Texas legislature debates limits on police search rights

| Monday, April 18, 2005

Law-enforcement officials and civil liberties groups are butting heads over a proposed bill in Texas that could give privacy back to drivers and take authority away from the police.

The bill, SB 1195, would stop police from performing consent searches without probable cause. The author of the bill, Sen. Juan Hinojosa, D-Mission, told the San Antonio Express-News that the current law encourages racial profiling and intimidation of drivers.

“It is happening a lot all over Texas because people do not know they have the right to refuse, or because they are intimidated and threatened with arrest,” Hinojosa told the Express-News. He added that officers shouldn’t be allowed to ask drivers for search consent where probable cause doesn’t exist, because the resulting search should be illegal anyway.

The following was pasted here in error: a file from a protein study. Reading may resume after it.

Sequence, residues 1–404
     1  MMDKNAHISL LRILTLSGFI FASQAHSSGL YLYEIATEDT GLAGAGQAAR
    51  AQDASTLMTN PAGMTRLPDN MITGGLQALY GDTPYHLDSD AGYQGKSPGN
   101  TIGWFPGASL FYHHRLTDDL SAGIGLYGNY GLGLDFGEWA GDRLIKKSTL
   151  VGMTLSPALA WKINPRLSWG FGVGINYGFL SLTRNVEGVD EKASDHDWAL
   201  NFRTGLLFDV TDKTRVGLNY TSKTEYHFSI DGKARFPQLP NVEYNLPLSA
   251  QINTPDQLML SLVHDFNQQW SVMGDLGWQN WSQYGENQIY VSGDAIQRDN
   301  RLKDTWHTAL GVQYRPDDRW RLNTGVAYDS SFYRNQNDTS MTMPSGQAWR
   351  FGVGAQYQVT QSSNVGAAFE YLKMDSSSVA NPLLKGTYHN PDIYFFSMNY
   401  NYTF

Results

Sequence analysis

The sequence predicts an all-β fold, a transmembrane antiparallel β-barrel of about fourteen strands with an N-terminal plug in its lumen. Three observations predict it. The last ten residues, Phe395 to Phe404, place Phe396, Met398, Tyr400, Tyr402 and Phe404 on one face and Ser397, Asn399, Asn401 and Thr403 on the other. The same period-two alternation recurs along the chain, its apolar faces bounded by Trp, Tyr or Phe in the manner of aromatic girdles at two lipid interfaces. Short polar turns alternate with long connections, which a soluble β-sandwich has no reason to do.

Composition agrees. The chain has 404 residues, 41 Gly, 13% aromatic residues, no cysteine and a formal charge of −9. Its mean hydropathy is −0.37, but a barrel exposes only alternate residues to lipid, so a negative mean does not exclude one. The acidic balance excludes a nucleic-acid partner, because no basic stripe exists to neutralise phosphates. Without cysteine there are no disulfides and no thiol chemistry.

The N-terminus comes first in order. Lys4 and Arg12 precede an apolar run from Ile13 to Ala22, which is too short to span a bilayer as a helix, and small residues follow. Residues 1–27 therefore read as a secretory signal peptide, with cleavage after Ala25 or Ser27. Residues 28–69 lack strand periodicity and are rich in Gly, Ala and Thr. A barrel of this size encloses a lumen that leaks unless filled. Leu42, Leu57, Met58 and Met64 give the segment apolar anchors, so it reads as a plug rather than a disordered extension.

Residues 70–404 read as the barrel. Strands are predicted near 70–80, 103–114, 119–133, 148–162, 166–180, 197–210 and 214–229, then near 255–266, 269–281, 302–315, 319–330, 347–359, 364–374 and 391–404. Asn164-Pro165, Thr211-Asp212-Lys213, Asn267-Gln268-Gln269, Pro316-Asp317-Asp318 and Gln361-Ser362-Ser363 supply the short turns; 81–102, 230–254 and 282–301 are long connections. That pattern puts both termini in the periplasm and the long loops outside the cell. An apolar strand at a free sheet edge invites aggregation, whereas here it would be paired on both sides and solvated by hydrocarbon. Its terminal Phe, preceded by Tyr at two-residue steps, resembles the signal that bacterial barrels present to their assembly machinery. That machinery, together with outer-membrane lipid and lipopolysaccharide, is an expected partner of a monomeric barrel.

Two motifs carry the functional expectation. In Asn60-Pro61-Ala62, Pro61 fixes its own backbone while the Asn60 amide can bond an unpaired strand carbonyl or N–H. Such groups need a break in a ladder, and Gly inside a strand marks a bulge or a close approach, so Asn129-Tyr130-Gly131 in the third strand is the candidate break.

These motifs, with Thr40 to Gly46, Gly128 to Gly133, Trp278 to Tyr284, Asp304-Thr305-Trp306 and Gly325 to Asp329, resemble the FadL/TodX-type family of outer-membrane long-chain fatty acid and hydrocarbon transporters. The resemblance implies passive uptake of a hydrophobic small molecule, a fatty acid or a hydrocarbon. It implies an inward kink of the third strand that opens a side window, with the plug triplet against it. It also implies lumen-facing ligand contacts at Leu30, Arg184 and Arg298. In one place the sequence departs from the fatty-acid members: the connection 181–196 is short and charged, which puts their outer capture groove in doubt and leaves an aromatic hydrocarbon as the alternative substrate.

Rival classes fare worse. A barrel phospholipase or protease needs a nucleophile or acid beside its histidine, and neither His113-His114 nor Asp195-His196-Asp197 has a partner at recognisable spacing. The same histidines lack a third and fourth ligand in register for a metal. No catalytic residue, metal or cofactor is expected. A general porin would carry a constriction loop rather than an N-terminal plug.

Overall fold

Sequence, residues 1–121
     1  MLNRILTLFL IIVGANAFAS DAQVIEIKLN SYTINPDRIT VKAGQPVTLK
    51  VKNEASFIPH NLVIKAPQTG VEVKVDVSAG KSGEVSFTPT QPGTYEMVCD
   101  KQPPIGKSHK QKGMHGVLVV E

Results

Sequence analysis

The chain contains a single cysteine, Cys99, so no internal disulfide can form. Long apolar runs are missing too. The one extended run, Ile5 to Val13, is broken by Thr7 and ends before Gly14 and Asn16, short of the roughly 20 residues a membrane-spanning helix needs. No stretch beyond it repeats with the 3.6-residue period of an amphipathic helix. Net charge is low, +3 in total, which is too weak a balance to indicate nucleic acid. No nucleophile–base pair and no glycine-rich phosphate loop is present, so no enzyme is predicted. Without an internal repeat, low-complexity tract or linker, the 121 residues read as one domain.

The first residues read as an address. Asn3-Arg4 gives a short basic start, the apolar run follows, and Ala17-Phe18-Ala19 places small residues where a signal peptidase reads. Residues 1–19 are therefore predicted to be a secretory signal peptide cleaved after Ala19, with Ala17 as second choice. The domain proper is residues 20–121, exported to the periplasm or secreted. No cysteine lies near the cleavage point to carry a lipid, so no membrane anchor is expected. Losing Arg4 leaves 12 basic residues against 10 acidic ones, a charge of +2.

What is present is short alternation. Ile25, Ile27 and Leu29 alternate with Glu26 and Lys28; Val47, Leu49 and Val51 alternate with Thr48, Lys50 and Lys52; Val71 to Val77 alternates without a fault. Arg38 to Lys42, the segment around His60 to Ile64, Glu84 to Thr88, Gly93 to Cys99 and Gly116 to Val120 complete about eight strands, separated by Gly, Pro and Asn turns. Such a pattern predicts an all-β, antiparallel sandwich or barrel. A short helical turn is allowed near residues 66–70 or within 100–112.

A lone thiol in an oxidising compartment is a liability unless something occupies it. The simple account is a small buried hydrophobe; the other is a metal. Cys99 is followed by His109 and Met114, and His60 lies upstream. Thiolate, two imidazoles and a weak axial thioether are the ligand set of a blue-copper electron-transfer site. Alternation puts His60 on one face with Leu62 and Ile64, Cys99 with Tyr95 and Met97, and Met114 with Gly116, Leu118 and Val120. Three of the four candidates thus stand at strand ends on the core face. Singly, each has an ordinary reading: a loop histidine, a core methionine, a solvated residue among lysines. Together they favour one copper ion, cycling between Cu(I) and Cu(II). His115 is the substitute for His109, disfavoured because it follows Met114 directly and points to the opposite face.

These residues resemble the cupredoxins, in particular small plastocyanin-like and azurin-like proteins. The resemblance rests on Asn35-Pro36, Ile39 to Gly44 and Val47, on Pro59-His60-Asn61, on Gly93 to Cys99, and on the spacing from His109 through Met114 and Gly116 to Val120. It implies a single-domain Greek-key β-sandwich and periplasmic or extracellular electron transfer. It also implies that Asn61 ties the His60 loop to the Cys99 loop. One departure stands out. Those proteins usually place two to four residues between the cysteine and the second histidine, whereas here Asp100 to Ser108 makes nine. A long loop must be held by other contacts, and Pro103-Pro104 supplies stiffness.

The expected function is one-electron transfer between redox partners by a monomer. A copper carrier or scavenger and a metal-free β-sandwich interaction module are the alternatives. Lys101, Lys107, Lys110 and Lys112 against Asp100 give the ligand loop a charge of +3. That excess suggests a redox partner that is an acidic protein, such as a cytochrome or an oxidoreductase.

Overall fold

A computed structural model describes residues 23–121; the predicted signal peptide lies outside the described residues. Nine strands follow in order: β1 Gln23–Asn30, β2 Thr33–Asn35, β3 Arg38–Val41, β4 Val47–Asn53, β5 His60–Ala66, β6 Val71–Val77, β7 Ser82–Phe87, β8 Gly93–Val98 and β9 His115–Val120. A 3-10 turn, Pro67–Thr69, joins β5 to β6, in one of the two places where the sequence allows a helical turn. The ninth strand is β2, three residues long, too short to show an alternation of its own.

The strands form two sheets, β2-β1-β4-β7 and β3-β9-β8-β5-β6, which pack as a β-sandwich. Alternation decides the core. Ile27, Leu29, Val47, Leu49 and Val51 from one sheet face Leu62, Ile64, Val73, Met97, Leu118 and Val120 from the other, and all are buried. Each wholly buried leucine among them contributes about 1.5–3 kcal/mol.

Opponents of the bill say the measure would limit officers’ reach in cases where it could be beneficial. However, Texas Municipal Police Association representative Tom Gaylor said that “the vast majority of the time, we found nothing” that would lead to an arrest, the Express-News reported.

“A good police officer never stops asking questions, and no, the sky is not going to fall (if the bill passes), but we will lose a good tool that helps us do our job,” San Antonio Police Lt. Rosalinda Vasquez told the state Senate’s Criminal Justice Committee.

The committee has so far not taken action on the bill.

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